Motilium Domperidone New Recommendations to Minimise the Cardiac Risks

Dear healthcare professional,
This letter is to inform you of the recent recommendations to minimise the cardiac risks of domperidone after the recent European review on the benefits and risks of the product. This letter is being sent in agreement with the European Medicines Agency and the Irish Medicines Board. 

New Recommendations to Minimise the Cardiac Risks of Motilium Domperidone


Summary

  • The benefit/risk balance of domperidone remains positive in the relief of the symptoms of nausea and vomiting in adults, adolescents and children.

  • This review confirms a small increased risk of serious cardiac adverse drug reactions related to the use of domperidone. A higher risk was observed in patients older than 60 years, those taking daily doses of more than 30 mg and those taking QT prolonging drugs or CYP3A4 inhibitors concomitantly. 

  • Domperidone should be used at the lowest effective dose for the shortest possible duration. The maximum treatment duration should not usually exceed one week. 

  • The new recommended doses are:
    • For adults and adolescents ≥ 35 kg:
      10 mg up to three times daily with a maximum dose of 30 mg per day.
    • For children and adolescents < 35 kg:
      0.25 mg/kg body weight per intake up to three times daily with a maximum dose of 0.75 mg/kg body weight per day. 

  • Domperidone products are now contraindicated in patients with severe hepatic impairment, conditions where the cardiac conduction intervals are impaired or could be affected and underlying cardiac diseases such as congestive heart failure, when co administered with QT-prolonging drugs or potent CYP3A4 inhibitors. 
Motilium Domperidone New Recommendations to Minimise the Cardiac Risks

Further information


  • Domperidone containing products have been authorised nationally in several EU member states since the 1970s and have been available in Ireland under the trade name Motilium® and as generic domperidone.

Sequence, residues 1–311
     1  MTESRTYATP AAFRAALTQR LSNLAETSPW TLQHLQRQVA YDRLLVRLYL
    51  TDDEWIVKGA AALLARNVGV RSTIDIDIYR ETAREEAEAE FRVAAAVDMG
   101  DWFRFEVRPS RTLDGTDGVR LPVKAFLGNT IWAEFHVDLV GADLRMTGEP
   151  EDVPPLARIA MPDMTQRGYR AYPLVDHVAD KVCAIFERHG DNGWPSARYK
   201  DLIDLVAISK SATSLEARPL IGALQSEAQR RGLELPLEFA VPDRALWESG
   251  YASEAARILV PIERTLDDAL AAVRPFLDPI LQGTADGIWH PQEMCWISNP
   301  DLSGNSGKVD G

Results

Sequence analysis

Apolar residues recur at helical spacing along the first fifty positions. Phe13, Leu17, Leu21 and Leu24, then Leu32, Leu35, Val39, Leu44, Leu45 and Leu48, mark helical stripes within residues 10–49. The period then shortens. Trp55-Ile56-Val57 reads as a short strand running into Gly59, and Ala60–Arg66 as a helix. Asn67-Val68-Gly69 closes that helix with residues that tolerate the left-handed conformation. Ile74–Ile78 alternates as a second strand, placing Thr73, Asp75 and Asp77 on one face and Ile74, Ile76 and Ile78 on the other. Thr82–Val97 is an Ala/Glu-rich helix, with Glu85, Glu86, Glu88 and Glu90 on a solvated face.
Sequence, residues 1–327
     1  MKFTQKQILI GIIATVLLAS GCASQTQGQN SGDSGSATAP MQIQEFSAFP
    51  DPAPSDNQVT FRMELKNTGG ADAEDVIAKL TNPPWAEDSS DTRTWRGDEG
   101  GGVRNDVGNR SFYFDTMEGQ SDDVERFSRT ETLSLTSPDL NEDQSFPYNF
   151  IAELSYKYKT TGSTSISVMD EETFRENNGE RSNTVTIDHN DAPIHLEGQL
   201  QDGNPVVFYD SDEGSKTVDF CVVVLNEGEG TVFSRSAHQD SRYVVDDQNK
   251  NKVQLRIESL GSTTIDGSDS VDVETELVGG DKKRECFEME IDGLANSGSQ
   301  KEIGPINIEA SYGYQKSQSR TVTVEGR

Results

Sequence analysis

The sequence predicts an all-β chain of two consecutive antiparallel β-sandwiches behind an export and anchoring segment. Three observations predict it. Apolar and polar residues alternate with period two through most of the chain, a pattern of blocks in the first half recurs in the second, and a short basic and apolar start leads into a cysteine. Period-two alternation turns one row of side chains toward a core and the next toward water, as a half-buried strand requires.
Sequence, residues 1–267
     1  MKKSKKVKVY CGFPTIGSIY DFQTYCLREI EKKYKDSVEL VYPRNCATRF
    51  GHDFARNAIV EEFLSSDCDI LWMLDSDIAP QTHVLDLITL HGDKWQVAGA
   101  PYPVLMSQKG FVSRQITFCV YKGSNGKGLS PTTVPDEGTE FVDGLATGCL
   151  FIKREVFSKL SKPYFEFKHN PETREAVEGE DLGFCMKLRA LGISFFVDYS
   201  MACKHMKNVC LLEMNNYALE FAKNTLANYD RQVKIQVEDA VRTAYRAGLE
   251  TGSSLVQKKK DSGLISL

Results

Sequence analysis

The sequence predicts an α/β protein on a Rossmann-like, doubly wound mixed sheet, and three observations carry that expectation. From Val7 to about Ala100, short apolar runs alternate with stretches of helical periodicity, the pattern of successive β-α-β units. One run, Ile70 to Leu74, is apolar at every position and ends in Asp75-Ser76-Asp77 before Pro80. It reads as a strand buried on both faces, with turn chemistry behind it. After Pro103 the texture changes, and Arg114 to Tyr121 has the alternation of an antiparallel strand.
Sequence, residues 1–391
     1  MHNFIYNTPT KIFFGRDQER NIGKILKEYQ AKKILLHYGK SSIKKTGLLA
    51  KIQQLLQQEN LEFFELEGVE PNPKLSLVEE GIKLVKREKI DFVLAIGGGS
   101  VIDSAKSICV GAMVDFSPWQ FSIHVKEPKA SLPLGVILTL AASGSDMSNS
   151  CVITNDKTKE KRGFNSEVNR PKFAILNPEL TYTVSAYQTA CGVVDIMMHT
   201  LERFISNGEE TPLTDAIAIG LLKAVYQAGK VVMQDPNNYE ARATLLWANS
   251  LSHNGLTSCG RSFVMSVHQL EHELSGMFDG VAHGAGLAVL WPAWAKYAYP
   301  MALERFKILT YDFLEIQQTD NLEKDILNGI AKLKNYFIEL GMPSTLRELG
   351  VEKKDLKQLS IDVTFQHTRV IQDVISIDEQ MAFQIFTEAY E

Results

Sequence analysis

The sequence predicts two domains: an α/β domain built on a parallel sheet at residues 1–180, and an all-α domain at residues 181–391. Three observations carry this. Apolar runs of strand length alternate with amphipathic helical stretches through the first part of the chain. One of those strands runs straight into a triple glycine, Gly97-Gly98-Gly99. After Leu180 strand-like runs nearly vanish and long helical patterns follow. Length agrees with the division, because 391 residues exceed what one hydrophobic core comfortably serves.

• The cardiac risks of medicinal products containing domperidone have been under monitoring for several years at national and EU levels. The product information of domperidone containing products has been updated in recent years to reflect the associated risk of QTc prolongation and serious ventricular arrhythmia.

  • Since then, new cases of serious cardiac adverse reactions related to domperidone use have continued to be reported, leading the Belgian medicines agency to trigger a European re-evaluation of the cardiac risks in the context of the benefits in order to determine whether the marketing authorisations for domperidone containing products should be maintained, varied, suspended or withdrawn across the EU.

  • This review confirmed the risk of serious cardiac adverse drug reactions related to domperidone use including QTc prolongation, torsade de pointes, serious ventricular arrhythmia and sudden cardiac death. Epidemiological studies showed that domperidone was associated with an increased risk of serious ventricular arrhythmias or sudden cardiac death. A higher risk was observed in patients older than 60 years, those taking daily doses of more than 30 mg, and in those taking other QT-prolonging drugs or CYP3A4 inhibitors concomitantly.

  • Based on available data, it is considered that the efficacy of domperidone is established in the relief of nausea and vomiting symptoms, and not established in other indications.

  • Overall, the benefit/risk balance of domperidone remains positive only for oral formulations (oral solid formulations dosed at 10 or 5 mg and oral solution) and adult suppositories (30 mg).

Finally, it was concluded that risk minimisation measures are necessary in order to improve the benefit risk balance including restricted indications, use of lower doses, shorter treatment duration, addition of contraindications, warning and precautions. In  addition, in order to accurately measure and administer the doses to paediatric patients, oral suspensions should be given using an adapted graduated oral syringe.